911 on Wireless 911: new study finds poor performance in locating wireless 911 calls

I wrote about it here and here re: how lousy Ohio’s doing on this front. Next month, a new first-ever report will be released that will indicate just how serious a problem the failure of locating wireless 911 calls is.

Here’s the story from the AP. Read more about the Association of Public-Communications Officials – the group that requested the report, here. Read about APCO’s Project LOCATE here. Read about the funding source, Public Safety Foundation of America, here.

This line in the AP story says it all, and repeats what the other articles posted last month said:

While the report pointed out the generally poor performance of the wireless industry in locating 911 callers, it also pointed out a need for 911 call centers to work closely with providers and the importance of public education.

A new generation of telephone customers is being raised without using land-based telephone lines. But they still expect rescuers to be able to find them.

The issue has become more critical as the number of 911 calls from cell phones exceeds those coming from land lines, public safety experts say.

CTIA reports that 230,000 calls to 911 are made from cell phones each day. The group also estimates that 8.4 percent of households are “wireless only.

Ohio legislators: do not say no one told you.

One thought on “911 on Wireless 911: new study finds poor performance in locating wireless 911 calls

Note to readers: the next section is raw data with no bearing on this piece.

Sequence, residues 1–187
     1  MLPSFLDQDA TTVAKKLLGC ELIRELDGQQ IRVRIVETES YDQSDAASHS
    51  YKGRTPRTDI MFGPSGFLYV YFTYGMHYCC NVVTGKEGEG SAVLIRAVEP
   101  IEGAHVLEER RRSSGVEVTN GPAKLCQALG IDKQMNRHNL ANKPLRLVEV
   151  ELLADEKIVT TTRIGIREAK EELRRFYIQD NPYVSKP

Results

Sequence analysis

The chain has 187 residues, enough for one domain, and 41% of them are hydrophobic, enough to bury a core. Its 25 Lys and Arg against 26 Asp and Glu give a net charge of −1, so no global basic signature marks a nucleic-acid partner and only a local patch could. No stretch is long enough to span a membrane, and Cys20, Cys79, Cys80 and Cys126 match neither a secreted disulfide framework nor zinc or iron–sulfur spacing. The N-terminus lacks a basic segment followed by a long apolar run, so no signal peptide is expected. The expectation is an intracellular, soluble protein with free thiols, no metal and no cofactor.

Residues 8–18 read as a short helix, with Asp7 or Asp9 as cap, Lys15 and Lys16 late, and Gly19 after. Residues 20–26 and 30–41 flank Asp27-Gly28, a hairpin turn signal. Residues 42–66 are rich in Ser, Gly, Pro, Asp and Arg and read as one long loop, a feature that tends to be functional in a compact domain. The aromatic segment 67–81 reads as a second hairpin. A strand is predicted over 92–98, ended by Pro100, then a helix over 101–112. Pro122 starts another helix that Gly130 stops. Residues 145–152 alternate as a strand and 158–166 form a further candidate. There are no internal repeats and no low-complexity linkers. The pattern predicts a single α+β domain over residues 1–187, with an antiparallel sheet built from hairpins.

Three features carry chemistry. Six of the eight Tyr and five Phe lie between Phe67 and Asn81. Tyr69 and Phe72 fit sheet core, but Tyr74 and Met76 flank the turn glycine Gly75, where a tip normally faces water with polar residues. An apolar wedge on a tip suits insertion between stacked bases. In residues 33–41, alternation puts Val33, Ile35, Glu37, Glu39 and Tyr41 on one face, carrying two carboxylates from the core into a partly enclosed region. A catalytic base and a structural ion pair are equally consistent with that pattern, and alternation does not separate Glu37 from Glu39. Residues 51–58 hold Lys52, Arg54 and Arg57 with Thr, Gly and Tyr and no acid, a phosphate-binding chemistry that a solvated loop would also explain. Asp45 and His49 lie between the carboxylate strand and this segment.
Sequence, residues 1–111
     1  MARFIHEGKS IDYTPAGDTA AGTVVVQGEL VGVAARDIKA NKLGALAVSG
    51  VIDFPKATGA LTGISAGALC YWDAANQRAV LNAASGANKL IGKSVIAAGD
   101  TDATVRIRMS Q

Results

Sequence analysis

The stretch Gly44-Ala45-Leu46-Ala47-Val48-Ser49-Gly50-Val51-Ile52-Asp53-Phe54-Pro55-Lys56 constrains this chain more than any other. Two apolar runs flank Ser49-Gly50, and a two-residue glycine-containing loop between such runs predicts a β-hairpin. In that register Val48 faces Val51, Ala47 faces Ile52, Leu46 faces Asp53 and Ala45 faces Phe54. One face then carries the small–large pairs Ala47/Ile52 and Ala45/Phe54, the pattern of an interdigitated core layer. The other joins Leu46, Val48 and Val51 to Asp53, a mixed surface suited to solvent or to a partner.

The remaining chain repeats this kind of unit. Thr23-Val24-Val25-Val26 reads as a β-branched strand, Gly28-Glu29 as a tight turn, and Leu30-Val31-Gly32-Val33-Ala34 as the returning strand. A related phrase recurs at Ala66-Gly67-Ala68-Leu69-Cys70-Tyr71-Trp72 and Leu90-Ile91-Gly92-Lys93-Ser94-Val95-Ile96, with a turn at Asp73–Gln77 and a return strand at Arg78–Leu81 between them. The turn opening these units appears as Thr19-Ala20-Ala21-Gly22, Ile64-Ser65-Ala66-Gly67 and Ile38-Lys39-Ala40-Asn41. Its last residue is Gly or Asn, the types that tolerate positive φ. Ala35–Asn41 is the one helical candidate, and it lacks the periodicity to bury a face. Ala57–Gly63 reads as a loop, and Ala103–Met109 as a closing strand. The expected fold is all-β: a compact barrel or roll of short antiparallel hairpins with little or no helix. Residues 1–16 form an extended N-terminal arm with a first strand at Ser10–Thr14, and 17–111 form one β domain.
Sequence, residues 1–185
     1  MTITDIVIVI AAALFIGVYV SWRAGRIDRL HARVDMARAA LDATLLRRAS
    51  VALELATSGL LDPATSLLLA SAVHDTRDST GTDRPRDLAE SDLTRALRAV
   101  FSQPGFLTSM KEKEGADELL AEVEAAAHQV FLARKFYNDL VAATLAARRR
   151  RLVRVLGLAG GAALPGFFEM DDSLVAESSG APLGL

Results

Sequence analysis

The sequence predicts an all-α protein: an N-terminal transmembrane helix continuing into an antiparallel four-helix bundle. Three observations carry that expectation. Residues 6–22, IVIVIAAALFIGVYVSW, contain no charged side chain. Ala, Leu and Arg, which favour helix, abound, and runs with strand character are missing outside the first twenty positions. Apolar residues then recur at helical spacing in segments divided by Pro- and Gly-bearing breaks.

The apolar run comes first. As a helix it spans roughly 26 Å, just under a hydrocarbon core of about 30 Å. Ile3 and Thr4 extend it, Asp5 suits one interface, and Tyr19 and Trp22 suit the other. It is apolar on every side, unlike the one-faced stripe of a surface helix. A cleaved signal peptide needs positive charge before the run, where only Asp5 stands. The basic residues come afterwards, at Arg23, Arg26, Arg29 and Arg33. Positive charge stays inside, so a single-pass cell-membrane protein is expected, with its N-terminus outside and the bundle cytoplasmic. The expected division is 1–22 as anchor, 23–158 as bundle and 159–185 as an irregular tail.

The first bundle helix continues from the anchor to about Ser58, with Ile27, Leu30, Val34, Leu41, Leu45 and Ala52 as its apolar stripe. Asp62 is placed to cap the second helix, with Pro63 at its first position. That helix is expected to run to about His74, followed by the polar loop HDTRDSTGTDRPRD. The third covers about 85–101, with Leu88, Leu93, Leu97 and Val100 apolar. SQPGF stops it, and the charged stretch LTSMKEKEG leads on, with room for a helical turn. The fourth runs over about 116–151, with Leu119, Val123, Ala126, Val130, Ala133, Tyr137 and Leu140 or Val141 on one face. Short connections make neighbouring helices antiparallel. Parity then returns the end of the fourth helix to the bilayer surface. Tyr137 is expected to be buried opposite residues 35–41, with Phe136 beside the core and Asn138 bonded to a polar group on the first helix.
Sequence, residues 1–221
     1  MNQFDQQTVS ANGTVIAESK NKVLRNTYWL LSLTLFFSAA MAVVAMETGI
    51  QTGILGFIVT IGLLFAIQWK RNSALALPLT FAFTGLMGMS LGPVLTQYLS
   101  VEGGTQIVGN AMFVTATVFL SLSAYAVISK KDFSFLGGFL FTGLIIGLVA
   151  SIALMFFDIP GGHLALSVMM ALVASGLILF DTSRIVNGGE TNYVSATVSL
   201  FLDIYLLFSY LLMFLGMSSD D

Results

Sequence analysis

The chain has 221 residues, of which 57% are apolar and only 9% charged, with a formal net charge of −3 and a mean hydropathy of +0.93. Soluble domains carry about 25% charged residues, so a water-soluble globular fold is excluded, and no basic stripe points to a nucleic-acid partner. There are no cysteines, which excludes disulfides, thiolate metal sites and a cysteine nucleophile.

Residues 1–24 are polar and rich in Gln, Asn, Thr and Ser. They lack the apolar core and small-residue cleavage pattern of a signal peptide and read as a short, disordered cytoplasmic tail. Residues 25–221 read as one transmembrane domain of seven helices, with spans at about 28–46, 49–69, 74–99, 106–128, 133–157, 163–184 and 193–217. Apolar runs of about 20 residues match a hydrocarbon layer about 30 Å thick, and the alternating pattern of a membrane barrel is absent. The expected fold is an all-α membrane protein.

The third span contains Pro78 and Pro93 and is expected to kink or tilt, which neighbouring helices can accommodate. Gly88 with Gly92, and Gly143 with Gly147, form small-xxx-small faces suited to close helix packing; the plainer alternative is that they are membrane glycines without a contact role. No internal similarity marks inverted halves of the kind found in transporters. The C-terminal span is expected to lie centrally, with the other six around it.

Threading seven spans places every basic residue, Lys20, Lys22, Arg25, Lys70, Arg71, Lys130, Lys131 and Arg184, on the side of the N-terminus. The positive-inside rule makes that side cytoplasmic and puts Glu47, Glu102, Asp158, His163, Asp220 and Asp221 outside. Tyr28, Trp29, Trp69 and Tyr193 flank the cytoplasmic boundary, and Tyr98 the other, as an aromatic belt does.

1. Jill:My career was spent in telecommunications, including a stint as VP/Global Operations for one of the largest data networks existing prior to the Internet. I won’t paint myself as a cellular technology expert, but I understand a good deal more than most folks.The only truly accurate way to locate a cellular phone is if the cell phone itself knows where it is. This is best accomplished by having a GPS receiver and appropriate software in the cell phone. Then when a 911 call is made, the GPS coordinates of the phone can be automatically transmitted to the emergency services agency.When a cell phone is on, it is constantly in contact with the cellular network, even if you are not using it. The phone has to stay ‘registered’ with the network so that when someone calls the phone, the network knows how to route the call — how to find the phone. So some people, including me, are concerned that when a phone has GPS capability, you can be tracked at all times. I don’t intend to buy a cell phone with GPS ever, but I think at some point there won’t be a choice.But without GPS capability, the only shot the network has of locating a cell phone is via the ‘triangulation method.’ Do remember the old US Forest Service movies where they showed fire spotters locating fires by looking through a device mounted high in a tower? It took at least two spotters in two towers to pull it off. Each one would radio in the direction the fire appeared to be coming from in reference to their location. Then someone with a big map would draw a line from each tower, and where the lines intersect, that’s where the fire would be. Two works, but three is better (hence the term triangulation). In fact, the more towers that report in, the more accurate the results.The radios in cell towers can’t determine direction, but they can measure signal strength. So if more than one cell tower can ‘hear’ your cell phone, they can compare the relative strength of the signal and guess where you might be.Think of it this way, instead of drawing lines from the fire tower, you would draw circles around the cell towers, with the radius representing the strength of the signal. Theoretically, the phone would be where the circle from the first tower intersects the circle from the second tower. But there’s a problem – there’s two places those circle intersect, and they could be miles apart.But the phone isn’t necessarily at the one of the intersections. All kinds of things can affect signal strength, so the phone may really be nearer or farther away than the measurements would lead you to believe. So you can’t concentrate on the two intersection points. All you can say is that the probability is that the phone is somewhere around the area in which the two circles overlap.With more towers in range, the size of the probability area decreases, but towers are spaced according to how many phones are typically active in an area. So towers are much closer to each other in cities than in the boonies.The point isn’t to give an engineering lesson, but rather to say that we can’t legislate the capabilities of technology. In the case of locating cellular 911 callers with today’s technology, it’s a trade-off between carrying what amounts to a always-on personal tracking device, and not being able to locate 911 callers from cell phones.Sometimes, I don’t want Big Brother to know where I am.PL

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